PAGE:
Adelaide becomes carbon neutral

Climate change is set to have a big impact in South Australia. According to a recent government report, temperatures are predicted to rise by up to 1.5 degrees Celsius by 2050 and rainfall is also set to increase by up to 12 per cent in parts of the state by the same year, yet decrease by 10 per cent across the Murray-Darling Basin where it is desperately needed.

Oh NO!

Climate change is set to have a big impact in South Australia. According to a recent government report, temperatures are predicted to rise by up to 1.5 degrees Celsius by 2050 and rainfall is also set to increase by up to 12 per cent in parts of the state by the same year, yet decrease by 10 per cent across the Murray-Darling Basin where it is desperately needed.

Given these fairly dismal predictions, Adelaide City Council was determined to make a change. So, in April 2015, Adelaide became the first place in Australia – and one of the first in the world – where a State Government and capital-city council signed parallel international agreements on climate change and emissions. Their Carbon Neutral Strategy 2015-2025, details their aspiration for Adelaide to be the world’s first carbon neutral city, and their aim to become carbon neutral by 2020.

Oh YES!

By working together, the Adelaide and South Australian governments are leading positive change.  

Between 2007 and 2013, the City of Adelaide’s carbon emissions reduced by 20%. This was achieved despite the fact that, at the same time, their residential population grew by 27%, their office floor area increased by 16% and their economy grew by 28%. 

To achieve its goal of being carbon neutral, Adelaide City Council is investing in energy-efficient technologies and renewables, relying on more low-emission forms of public transport, promoting the use of electric and hybrid cars in the CBD, improving its waste management, and encouraging more people to cycle and walk.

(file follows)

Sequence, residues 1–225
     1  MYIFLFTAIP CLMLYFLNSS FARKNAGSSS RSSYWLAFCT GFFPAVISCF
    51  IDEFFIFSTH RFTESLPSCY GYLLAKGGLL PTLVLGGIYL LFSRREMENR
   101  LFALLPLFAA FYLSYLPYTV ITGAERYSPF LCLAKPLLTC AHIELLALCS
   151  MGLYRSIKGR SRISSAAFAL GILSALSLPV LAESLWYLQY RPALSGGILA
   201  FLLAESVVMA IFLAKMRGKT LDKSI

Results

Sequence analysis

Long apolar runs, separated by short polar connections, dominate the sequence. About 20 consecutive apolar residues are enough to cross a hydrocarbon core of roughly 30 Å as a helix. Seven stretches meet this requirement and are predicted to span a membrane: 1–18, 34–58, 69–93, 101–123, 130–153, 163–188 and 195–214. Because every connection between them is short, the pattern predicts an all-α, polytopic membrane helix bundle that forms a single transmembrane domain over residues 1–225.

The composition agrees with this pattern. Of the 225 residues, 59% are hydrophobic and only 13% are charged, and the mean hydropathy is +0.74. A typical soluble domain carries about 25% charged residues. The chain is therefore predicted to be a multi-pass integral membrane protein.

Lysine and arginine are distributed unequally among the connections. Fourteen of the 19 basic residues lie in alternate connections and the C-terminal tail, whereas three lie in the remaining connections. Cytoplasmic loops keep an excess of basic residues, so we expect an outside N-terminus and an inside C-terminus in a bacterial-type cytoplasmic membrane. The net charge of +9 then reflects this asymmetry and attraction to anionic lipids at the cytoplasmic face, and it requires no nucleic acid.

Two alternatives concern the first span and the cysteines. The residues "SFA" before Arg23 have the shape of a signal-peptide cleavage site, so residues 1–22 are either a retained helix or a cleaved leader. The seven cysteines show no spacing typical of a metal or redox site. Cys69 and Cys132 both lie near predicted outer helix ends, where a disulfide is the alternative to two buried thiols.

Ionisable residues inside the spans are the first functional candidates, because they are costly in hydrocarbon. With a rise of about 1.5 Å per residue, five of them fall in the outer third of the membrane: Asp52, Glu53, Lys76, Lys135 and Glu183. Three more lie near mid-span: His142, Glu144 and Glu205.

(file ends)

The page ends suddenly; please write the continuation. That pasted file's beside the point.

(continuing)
Drumroll please...

City of Adelaide has already made great progress, and are well on their way to achieving their goal of becoming carbon neutral by 2020. Some of their most impressive achievements include: 

Increasing renewable energy generation

In the space of just 11 years, South Australia has increased its renewable electricity generation from almost zero to 41% – a sign not just of remarkable progress, but of enormous potential. Having successfully decoupled economic growth from carbon emissions, Adelaide is certainly showing the world what is possible. 

Making renewable energy targets compulsory

In 2015, Adelaide City Council introduced Australia’s first consumer incentive for the installation of battery energy storage systems paired with solar photovoltaics. 

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